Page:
Each Docker image is made up of a number of layers. These layers are combined into a single image. When the image changes, a layer is created. Every time a user sends a command like run or copy a new layer will be created.
With Docker, these layers are reused for new containers, which speeds up development enormously. Changes made in the meantime are shared between the images, which further improves speed, size and efficiency. Version control is an integral part of layering. With each new one, you basically have a built-in change log and thus full control over your container images.
Probably the best thing about layering is rollback, which is reverting to the previous version. Every image has layers. Not satisfied with the current iteration of an image? Just roll it back to the previous version. This approach supports agile development and, in terms of tools, ensures continuous integration and deployment (Continuous Integration / Continuous Deployment - CI / CD).
Getting new hardware up and running usually took days and was a huge effort. With Docker-based containers, deployment can be reduced to seconds. By creating a container for each process, you can quickly share similar processes with new apps. And since the operating system does not have to be booted to add or move a container, provisioning times are much shorter. In addition, at this speed of development, you can easily and cost-effectively create data and delete the data generated by your containers without worry.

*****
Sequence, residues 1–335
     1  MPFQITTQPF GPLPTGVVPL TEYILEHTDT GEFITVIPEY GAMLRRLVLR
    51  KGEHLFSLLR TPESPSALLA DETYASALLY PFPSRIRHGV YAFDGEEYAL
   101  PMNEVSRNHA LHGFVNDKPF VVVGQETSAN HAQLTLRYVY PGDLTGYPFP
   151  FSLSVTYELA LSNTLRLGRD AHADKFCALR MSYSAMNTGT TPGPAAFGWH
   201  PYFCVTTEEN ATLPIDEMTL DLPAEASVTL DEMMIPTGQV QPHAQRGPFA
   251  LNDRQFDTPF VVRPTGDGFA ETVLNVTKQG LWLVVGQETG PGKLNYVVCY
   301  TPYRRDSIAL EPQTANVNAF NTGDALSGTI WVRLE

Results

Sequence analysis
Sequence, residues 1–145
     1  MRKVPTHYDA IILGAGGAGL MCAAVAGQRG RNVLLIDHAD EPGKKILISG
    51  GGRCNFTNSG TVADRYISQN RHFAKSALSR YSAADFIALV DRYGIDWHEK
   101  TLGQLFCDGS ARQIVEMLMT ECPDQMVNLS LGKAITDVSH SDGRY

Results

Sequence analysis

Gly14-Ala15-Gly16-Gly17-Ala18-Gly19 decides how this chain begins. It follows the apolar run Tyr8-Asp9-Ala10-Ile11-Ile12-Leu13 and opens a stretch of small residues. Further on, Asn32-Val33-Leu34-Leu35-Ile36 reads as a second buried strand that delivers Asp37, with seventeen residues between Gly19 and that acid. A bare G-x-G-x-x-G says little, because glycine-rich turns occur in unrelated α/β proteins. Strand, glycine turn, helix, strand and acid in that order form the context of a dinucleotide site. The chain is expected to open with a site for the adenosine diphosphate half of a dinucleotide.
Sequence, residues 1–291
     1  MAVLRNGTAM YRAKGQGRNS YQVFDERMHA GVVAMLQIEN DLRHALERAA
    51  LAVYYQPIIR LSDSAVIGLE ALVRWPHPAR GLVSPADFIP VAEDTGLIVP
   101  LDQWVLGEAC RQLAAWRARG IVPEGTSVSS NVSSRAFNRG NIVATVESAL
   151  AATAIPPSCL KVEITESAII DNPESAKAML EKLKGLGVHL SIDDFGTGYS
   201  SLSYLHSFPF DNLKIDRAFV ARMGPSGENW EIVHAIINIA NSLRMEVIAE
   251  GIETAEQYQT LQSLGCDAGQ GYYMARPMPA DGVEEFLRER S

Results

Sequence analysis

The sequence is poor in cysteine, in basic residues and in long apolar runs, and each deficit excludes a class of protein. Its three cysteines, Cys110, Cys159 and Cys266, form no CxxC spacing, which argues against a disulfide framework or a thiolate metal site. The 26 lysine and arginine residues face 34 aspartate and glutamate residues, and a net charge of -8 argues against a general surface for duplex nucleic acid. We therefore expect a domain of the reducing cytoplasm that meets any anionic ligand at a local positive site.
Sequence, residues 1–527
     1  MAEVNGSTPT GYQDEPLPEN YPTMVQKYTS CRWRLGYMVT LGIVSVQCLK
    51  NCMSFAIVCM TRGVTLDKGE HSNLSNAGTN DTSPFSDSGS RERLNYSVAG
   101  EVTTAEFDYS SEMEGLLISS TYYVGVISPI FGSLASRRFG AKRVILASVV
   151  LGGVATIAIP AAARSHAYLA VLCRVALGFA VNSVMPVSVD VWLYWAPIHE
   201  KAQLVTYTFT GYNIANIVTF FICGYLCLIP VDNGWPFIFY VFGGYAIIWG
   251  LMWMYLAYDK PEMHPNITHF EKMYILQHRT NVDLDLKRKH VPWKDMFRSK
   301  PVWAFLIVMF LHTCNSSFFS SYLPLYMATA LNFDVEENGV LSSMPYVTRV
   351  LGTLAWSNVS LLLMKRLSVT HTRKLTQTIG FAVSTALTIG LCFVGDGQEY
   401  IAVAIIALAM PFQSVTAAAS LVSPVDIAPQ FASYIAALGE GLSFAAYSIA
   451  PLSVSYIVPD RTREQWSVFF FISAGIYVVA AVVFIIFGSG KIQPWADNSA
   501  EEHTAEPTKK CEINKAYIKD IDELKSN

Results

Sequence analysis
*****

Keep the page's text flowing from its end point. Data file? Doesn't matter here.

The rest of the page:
Docker technology is therefore a granular, controllable, microservices-based approach that is significantly more efficient.
Are there any restrictions on using Docker?
Docker on its own is ideally suited for managing individual containers. As you start to use more and more containers and containerized apps that are broken into hundreds of pieces, management and orchestration can become very difficult. At some point you will have to take a step back and group containers to provide services like networking, security, telemetry, etc. in all of your containers. This is where Kubernetes comes in.
With Docker, you don't get the same UNIX-like functionality that traditional Linux containers offer. This also affects the ability to use processes like cron or syslog alongside your app inside the container. There are also limitations to cleaning child processes after killing child processes - something that was done by traditional Linux containers. This can be remedied by changing the configuration file and setting up these capabilities from the start - something that is not immediately obvious.
There are also other Linux subsystems and devices that are not namespaced. These include SELinux, Cgroups, and / dev / sd * devices. So if an attacker gains control of these subsystems, the host is at risk. To avoid complicated structures, the host kernels are shared with the containers, and that opens up this security hole. This is the difference to virtual machines, which are more strictly separated from the host system.
The Docker daemon can also cause security concerns. To use and run Docker containers, you are most likely using the Docker daemon, a persistent runtime for containers. The Docker daemon requires root rights. It is therefore important to be particularly careful with regard to access authorizations and the position of the processes. For example, a local daemon has a smaller attack surface than one stored in a more public location, such as a web server.